Rough-scaled bush viper, Rough-scaled tree viper, African hairy bush viper, Hairy bush viper, Hairy viper, Atheris hispida
Atheris hispida is a venomous viper species endemic to Central Africa. It is known for its extremely keeled dorsal scales that give it a bristly appearance. No subspecies are currently recognized. Common names include rough-scaled bush viper, spiny bush viper, hairy bush viper, and more.
The Spiny bush viper is a venomous snake native to Africa. It is known for its extremely keeled dorsal scales that give a unique 'shaggy' idea to its skin, almost bristly appearance. The scales around the head and neck are the longest, decreasing posteriorly. Spiny bush vipers vary in color and can be green, olive green, bluish, or brownish with a yellow or pale olive belly. The males of this species are surprisingly long and slender compared to the females.
Spiny bush vipers are found in Central and East Africa. They occur in northern and eastern DR Congo, southwestern Uganda, western Kenya, and northwestern Tanzania. These snakes inhabit tropical dry forests and rainforests with flowering bushes.
Spiny bush vipers are solitary and nocturnal creatures that typically spend the daytime basking on top of flowering bushy plants. They are also capable of climbing reeds and stalks and hang upsidedown from tree branches. Spiny bush vipers are ambush predators; they usually hunt their prey perching in trees but may sometimes feed on mammals hiding in foliage on the ground.
Not much is known about their venom except that it is mainly neurotoxic. Besides the neurotoxins, they also carry cytotoxins and fasciculins. Toxicity of individual specimens within the same species and subspecies can vary greatly based on several factors, including geographical region. Even the weather and altitude can influence toxicity (Ernst and Zug et al. 1996). A bite can be fatal to humans without access to proper first aid and subsequent antivenom treatment. Until recently, their venom has often been regarded as less toxic than that of many other species, perhaps because bites are uncommon, but this turned out not to be the case. There are now a number of reports of bites that have led to severe hemorrhaging of internal organs.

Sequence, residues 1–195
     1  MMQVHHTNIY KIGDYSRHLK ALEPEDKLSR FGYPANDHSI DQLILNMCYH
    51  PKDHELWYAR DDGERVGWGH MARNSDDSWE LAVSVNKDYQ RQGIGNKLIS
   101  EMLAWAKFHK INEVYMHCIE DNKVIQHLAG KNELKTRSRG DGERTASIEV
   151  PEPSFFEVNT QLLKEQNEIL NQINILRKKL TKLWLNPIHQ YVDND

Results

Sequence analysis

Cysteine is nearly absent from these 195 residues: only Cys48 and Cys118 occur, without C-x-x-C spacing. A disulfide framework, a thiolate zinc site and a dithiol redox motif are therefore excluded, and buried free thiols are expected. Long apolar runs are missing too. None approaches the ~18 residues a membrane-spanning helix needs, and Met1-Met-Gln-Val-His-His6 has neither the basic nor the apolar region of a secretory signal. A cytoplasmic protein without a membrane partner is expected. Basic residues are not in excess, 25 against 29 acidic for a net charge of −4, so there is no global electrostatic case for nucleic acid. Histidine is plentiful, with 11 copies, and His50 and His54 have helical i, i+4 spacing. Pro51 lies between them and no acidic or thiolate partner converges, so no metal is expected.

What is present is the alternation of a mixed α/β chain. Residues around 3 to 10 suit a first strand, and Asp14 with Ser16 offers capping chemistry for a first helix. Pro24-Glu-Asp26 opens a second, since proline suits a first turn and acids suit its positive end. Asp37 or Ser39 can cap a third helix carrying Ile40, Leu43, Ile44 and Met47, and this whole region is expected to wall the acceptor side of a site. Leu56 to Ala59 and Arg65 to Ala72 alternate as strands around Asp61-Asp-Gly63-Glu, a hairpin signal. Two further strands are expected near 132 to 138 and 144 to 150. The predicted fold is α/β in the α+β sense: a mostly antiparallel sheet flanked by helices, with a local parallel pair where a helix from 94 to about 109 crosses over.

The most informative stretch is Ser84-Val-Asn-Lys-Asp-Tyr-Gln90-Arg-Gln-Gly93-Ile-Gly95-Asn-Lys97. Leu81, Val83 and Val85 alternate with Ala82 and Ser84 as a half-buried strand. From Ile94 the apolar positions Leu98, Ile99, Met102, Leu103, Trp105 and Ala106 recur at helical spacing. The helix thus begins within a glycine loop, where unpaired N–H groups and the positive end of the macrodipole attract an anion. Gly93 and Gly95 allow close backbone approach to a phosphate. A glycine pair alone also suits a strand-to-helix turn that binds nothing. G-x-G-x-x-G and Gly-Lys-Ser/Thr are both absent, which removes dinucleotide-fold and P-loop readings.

Spiny bush vipers are carnivores. Their diet typically consists of mammals, frogs, lizards, and sometimes birds.
Spiny bush vipers breed during the rainy season between the late summer and October. After the gestation period of 6 to 7 months, females give birth to up to 12 young at a time. Newborns are about 15 cm (5.9 in) in total length and are dark green in color. They are independent at birth and become reproductively mature between 2 and 3 years of age.